JAECKLIN, JUD (Judah b. Judah; 14th century), Ulm moneylender. Jaecklin was first mentioned in 1375 when the city of Ulm (Germany) borrowed 2,500 gulden from him. On Sept. 5, 1376, he was put under an imperial ban by *Charles IV, at the request of a feudal enemy of Ulm, for nonpayment of a debt of 4,000 gulden. When the city refused to hand him over, Charles set siege to it; however, he was forced to withdraw and to repeal the ban a year later. As revenge Charles released Duke Henry of Werdenberg, whose lands had suffered most during the siege, from his debts to Jaecklin. In 1379 Jaecklin's residence permit for Ulm was not renewed. He removed to *Constance and in 1380 requested the aid of the municipality in retrieving his property from Ulm. In 1393 Ulm complained that Jaecklin had settled in *Noerdlingen without permission and without relinquishing his citizenship, and that he was libeling the city of Ulm there. As Ulm had previously confiscated his property, it considered that it had a right to collect the debts due to him.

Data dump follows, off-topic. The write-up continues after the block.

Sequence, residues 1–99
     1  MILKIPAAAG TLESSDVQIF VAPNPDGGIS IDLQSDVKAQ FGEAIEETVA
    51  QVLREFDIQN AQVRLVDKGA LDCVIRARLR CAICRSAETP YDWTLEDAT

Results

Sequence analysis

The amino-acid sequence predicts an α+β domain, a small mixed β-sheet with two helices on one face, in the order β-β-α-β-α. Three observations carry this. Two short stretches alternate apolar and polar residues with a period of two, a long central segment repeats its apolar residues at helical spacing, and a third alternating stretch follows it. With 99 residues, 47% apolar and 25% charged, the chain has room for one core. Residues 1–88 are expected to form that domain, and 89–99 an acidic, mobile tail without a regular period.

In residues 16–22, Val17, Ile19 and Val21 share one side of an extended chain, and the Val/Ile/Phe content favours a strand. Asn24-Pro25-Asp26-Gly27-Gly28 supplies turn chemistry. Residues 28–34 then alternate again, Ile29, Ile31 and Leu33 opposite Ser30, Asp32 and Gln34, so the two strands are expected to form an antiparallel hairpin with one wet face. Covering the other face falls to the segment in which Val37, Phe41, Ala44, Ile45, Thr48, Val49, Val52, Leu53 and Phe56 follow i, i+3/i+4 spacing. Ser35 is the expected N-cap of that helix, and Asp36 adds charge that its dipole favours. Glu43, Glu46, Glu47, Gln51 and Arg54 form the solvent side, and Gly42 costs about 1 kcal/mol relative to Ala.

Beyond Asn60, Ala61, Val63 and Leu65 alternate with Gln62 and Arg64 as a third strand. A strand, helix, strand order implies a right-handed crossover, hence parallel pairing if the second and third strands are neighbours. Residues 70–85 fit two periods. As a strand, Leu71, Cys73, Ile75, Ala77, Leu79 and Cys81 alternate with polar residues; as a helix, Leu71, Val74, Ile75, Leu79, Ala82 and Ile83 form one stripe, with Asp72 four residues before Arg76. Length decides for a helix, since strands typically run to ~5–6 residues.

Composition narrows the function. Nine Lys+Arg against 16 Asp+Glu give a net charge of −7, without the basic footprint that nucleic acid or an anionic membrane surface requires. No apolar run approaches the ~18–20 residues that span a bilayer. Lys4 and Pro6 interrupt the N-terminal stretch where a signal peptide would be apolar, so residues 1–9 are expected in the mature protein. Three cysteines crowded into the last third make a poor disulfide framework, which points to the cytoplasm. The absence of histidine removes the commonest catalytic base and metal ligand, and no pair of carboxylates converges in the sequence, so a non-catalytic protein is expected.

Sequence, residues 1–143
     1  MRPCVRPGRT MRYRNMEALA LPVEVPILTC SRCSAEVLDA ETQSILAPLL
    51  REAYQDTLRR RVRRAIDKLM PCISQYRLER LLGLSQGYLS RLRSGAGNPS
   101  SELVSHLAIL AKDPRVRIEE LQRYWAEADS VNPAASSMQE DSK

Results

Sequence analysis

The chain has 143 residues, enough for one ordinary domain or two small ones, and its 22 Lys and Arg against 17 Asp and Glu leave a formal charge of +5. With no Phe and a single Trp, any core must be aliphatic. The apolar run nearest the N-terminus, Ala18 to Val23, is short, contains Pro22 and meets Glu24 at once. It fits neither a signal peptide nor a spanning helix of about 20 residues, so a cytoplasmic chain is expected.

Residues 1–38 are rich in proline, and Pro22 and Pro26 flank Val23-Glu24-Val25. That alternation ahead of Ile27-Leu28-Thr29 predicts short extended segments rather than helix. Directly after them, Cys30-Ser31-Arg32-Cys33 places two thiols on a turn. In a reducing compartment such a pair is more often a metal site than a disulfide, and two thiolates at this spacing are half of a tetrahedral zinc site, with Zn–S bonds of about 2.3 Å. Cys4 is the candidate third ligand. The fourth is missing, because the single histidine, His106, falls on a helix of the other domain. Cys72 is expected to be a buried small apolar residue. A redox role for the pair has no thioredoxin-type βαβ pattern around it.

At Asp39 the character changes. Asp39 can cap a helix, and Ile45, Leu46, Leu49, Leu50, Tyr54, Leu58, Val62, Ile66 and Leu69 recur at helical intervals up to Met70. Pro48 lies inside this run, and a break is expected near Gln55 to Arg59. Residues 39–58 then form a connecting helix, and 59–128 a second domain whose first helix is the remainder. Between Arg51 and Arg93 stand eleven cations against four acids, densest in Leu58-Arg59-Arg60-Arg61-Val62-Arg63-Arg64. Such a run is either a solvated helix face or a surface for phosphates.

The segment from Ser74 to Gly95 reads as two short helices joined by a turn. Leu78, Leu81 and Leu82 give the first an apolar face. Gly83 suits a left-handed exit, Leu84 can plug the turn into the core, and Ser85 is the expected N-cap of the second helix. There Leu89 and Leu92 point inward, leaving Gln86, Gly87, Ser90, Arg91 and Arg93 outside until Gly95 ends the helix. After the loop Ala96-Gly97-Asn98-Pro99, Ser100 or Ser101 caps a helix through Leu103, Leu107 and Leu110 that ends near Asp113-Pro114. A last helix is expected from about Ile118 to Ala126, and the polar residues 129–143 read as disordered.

E. Nuebling, Die Judengemeinden des Mittelalters (1896), 327–43; H. Dicker, Die Geschichte der Juden in Ulm (1937), 23–32; M. Stern, in ZGJD, 7 (1937), 244f.
Source: Encyclopaedia Judaica. © 2008 The Gale Group. All Rights Reserved.